You're getting old!  If you don't believe it, check out this website...   yikes!

Happy Father's Day!


Archive: June 19, 2013


Archive: June 19, 2012


Archive: June 19, 2011

happy Father's day

Sunday,  06/19/11  04:31 PM

And so I'm back (!) and celebrating Father's Day, very nice, and I spent some time with Alex and Meg sharing pictures of my father, who unfortunately died before he could meet his grandchildren, but I am remembering him today...

Me and my Dad

my Dad and me
happy Father's Day!



Archive: June+16,+2010

gone drinking

Wednesday,  06/16/10  08:47 AM

Paso Robles AVAGood morning, lab rats!*  Just wanted you to know that Shirley and I have gone drinking; we will be doing serious amounts of nothing in Paso Robles for a few days.  I plan to forget about work, read**, hang out, do a little wine tasting, work on my tan, and think.  Pretty much in that order, and with that priority :)

Cheers and see you this weekend...

* a great line from A Good Year, inspiration for our trip
** The Girl Who Kicked the Hornet's Nest, A++ so far


Archive: June 18, 2009

gone sailing!

Thursday,  06/18/09  01:03 PM

Huntington Lake!I'm off!  Or should I say "we're off"; just about to drive up to Huntington Lake, at 7,000' in the Sierras, North-East of Fresno, to crew for Megan in the C-15 North American Championships.  Should be excellent!

A few quick notes on the way out...

I14 on Donner LakeParticularly apropos considering I'm sailing on a windy mountain lake this weekend, check out this picture of an International-14 on Donner Lake.  Wow.  You must click through to enlarge, what a great shot...

I had to switch from my Pre back to my Centro.  The battery life on the Pre was too horrible.  I need an actual phone for this weekend...  after my local Sprint store has more units in and can swap, I'll switch back.  I remain hopeful that my particular unit was defective and that they don't all have such horrible battery life.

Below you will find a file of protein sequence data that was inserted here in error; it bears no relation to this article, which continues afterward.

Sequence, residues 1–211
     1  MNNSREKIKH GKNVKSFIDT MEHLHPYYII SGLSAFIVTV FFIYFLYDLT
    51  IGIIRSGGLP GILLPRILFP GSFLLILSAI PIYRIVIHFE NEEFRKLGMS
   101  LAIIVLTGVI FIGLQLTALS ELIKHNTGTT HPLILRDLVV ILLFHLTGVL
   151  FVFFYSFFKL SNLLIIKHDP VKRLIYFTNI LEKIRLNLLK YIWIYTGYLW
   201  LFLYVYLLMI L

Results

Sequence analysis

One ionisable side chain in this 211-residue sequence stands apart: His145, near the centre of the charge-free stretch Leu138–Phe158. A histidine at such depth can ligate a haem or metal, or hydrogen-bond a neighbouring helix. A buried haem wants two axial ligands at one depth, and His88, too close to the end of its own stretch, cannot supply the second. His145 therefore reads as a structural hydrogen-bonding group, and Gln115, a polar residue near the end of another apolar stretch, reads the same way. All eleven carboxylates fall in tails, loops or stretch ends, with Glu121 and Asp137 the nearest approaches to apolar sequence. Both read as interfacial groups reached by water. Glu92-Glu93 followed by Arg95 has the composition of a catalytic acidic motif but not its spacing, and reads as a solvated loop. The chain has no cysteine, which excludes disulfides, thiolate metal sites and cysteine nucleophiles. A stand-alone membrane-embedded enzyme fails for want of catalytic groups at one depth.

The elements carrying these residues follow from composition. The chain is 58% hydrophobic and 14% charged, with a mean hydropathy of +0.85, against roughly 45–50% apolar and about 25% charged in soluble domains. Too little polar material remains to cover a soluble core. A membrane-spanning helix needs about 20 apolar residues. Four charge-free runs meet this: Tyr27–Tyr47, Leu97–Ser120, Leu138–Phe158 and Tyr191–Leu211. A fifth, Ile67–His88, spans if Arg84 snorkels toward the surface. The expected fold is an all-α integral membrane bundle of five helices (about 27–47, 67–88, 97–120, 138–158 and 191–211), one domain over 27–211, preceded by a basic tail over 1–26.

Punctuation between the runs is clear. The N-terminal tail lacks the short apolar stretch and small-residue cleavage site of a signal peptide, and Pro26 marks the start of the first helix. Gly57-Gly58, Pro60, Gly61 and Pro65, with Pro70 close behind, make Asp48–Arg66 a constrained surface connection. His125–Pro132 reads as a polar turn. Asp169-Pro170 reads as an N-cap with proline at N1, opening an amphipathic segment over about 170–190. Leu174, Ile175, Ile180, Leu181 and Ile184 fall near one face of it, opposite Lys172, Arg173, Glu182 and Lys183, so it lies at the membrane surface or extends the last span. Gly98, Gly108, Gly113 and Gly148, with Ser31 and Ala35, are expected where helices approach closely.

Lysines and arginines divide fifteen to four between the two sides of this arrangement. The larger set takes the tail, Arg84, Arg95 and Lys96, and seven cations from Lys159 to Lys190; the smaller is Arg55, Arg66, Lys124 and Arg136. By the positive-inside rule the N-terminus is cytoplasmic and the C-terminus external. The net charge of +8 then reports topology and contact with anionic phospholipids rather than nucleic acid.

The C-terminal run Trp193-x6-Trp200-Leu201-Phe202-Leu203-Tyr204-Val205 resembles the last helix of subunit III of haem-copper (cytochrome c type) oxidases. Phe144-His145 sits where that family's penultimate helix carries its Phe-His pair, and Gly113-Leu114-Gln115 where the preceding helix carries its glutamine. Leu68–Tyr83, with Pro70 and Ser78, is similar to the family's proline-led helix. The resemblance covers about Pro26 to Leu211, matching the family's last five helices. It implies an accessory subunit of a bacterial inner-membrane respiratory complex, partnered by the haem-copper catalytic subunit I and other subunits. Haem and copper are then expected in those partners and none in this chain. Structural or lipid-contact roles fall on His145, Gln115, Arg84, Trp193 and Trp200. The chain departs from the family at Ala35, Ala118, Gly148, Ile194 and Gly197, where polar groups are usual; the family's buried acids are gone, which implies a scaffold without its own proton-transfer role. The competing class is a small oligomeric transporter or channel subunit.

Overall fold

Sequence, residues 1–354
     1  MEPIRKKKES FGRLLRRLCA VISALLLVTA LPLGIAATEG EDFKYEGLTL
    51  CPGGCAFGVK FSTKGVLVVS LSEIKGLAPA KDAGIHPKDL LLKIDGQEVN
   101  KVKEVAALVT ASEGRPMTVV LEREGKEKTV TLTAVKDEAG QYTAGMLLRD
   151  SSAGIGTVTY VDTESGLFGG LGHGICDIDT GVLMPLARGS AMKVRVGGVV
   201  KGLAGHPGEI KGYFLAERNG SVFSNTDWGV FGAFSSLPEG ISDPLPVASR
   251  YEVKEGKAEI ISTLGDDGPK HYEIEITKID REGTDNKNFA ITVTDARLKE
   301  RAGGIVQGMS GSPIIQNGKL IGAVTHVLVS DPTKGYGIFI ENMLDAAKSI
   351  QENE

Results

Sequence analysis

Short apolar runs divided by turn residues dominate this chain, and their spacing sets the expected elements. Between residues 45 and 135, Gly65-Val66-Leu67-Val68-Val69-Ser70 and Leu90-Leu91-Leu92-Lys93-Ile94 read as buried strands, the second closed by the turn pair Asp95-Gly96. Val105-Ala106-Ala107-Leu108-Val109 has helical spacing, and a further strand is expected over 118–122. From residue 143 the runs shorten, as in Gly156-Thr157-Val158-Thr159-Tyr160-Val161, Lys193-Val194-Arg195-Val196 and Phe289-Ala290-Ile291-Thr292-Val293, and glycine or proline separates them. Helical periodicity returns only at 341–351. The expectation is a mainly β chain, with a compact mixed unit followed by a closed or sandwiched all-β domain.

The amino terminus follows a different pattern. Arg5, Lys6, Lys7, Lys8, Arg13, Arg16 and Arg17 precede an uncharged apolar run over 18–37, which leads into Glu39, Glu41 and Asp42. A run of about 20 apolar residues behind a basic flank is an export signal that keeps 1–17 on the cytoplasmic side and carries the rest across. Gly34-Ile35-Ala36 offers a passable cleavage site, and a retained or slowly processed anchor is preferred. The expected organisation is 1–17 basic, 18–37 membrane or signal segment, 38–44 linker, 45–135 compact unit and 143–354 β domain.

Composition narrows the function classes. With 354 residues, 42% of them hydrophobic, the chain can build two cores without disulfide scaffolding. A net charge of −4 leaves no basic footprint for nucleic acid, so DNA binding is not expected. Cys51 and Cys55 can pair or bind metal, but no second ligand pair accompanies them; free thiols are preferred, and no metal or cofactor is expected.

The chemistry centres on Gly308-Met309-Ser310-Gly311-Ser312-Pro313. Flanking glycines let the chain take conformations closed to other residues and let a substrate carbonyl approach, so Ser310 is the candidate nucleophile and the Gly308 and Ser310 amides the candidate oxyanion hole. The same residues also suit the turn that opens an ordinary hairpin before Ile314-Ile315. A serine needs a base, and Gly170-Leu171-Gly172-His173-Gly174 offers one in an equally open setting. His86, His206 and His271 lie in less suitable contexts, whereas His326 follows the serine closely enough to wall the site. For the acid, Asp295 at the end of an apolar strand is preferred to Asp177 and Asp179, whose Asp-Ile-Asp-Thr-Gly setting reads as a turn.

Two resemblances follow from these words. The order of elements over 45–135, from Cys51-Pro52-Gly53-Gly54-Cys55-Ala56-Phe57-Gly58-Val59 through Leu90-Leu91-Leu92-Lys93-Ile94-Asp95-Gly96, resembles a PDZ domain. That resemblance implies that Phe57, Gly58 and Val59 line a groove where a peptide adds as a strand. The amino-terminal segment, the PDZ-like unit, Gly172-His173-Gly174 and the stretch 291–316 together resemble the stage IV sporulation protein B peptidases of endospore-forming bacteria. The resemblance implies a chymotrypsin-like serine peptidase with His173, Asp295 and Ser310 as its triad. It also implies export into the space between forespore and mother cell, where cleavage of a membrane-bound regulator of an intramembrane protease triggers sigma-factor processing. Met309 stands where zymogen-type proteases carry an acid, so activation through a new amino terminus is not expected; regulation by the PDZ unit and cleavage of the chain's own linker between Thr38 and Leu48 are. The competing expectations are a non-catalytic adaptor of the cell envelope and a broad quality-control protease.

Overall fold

RAAM 2009 route mapRAAM is under way!  A 3,000 mile cycle race from California to Maryland, wow.  I always think this is the weirdest thing, that RAAM doesn't get more press coverage.  It is an incredible event.  The route is a single stage, 35% longer than the Tour de France, and the athletes finish in 9 days instead of 23.  No stopping to sleep, eat, nothing.  On and on and on until you finish.  Wow.

ZooBorn: Tawny Frogmouth hatchling (aka fuzzball)Can you handle this ZooBorn?  It is a Tawny Frogmouth hatchling.  Personally I would say it is the living embodiment of "fuzzball" :)


Archive: June 19, 2008

Thursday,  06/19/08  10:44 PM

Man is it HOT here!  We're talking 107o hot.  This afternoon I did a ride at 5:30, and it was still over 100o.  We climbed Decker Canyon to the Mulholland Overlook of the Pacific Ocean, and it was still over 100o; I went through four bottles in an hour.  I have to admit it was almost fun, in a "man against the elements" kind of way.  Almost.

the Death Ride!Speaking of man against the elements, I've found a new ride to do: the Death Ride.  I am not making this up, that's really what it is called, 129 miles and 15,000' in the middle of the Sierras South of Lake Tahoe, in the middle of July.  What could be better than that?  It nicely fills a gap in my schedule between the Grand Tour Double and the Knoxville Classic Double :)